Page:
(Rapaport…February 14, 2005) Amnesty International (AI) reported for Valentine’s Day that while diamond retailers would tout the symbol of love and devotion through sales, consumers can expect little reassurance that their diamonds are not products of war and human rights violations.
Between July and December 2004, AI sent letters and questionnaires to diamond retailers and suppliers in Australia, Belgium, France, Germany, Italy, the Netherlands, and Switzerland. The survey found that less than one in five companies could provide a meaningful account of their policy to prevent the trade in conflict diamonds, AI said.
The report, “Conflict Diamonds: The Valentine’s Day deception,” added that the disappointing results come more than two years after the industry committed itself to a system of self regulation in support of the international Kimberly Process Certification Scheme.
“The trade in conflict diamonds in countries like Angola, Democratic Republic of Congo, Liberia, and Sierra Leone, has already led to the destruction of nations and cost millions of lives. Yet for some companies the response has been, ‘we are not concerned, there are other things more important in life,'” said Alessandra Masci of Amnesty International.
This survey follows one conducted mid-year 2004 in the United Kingdom, and the United States, and according to AI it showed that the diamond industry in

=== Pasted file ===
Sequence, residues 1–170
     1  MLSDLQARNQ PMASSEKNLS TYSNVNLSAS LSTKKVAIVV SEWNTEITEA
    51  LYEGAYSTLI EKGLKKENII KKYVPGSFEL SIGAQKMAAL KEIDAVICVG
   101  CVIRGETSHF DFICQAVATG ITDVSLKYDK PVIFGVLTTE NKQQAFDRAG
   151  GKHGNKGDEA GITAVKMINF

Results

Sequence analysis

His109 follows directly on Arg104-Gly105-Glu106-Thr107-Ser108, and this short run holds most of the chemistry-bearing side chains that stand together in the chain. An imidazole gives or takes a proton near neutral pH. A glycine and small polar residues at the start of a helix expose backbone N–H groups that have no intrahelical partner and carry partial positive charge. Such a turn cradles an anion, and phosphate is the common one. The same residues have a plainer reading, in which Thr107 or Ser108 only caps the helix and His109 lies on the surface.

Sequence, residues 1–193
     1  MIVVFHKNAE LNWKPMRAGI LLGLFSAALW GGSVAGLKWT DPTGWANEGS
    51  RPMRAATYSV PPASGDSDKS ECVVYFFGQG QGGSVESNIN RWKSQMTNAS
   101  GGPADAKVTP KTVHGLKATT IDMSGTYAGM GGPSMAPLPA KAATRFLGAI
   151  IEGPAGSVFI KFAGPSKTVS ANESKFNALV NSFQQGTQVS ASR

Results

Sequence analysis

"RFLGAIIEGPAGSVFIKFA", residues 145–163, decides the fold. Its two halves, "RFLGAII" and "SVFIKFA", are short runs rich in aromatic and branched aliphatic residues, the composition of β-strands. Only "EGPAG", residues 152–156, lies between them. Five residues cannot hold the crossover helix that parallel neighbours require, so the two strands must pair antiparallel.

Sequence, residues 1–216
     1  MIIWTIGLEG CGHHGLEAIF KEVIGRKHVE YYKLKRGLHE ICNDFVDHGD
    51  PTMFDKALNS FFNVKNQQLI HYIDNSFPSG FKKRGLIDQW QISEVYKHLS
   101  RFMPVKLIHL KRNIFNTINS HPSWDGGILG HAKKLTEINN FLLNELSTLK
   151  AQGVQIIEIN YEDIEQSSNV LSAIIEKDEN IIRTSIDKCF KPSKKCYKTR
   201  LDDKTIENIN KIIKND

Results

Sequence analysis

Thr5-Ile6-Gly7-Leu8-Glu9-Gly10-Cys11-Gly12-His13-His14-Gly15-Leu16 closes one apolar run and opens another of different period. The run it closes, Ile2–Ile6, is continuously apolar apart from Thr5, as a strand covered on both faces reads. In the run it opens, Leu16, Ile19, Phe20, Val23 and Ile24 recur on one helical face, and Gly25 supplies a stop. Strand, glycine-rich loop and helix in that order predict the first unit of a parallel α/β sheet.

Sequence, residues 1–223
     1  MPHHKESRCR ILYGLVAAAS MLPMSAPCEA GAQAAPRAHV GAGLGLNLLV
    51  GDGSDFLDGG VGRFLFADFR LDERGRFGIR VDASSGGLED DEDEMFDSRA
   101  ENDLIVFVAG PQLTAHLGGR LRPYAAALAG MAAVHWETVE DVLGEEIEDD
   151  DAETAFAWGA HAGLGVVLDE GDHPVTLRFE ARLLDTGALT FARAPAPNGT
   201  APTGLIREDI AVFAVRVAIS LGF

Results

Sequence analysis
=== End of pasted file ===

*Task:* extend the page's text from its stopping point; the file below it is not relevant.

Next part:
Europe and Australia is even further behind the U.K. and the U.S. in terms of its overall response and implementation of the self-regulation policy.
The organization recommended greater government oversight of the diamond industry’s self-regulation system and urged consumers to press diamond jewelry retailers to follow through on commitments to combat conflict diamond trading. AI said that consumers who buy diamonds on Valentine’s Day should demand written warranties that the diamonds are conflict free.
- Of 291 companies requested, 67 percent failed to respond.
- Of 96 companies that did respond 63 percent had no policy on conflict diamonds; 36 percent have a policy to prevent dealing in conflict diamonds.
- 77 percent of those who have a policy do not provide adequate details on how the system of warranties is being implemented and what polices, procedures and auditing measures companies have in place to back them up.
- 56 percent said they never or rarely asked their suppliers to provide warranties that their diamonds were conflict free
- Less than 20 percent provided their customers with a warranty as standard practice.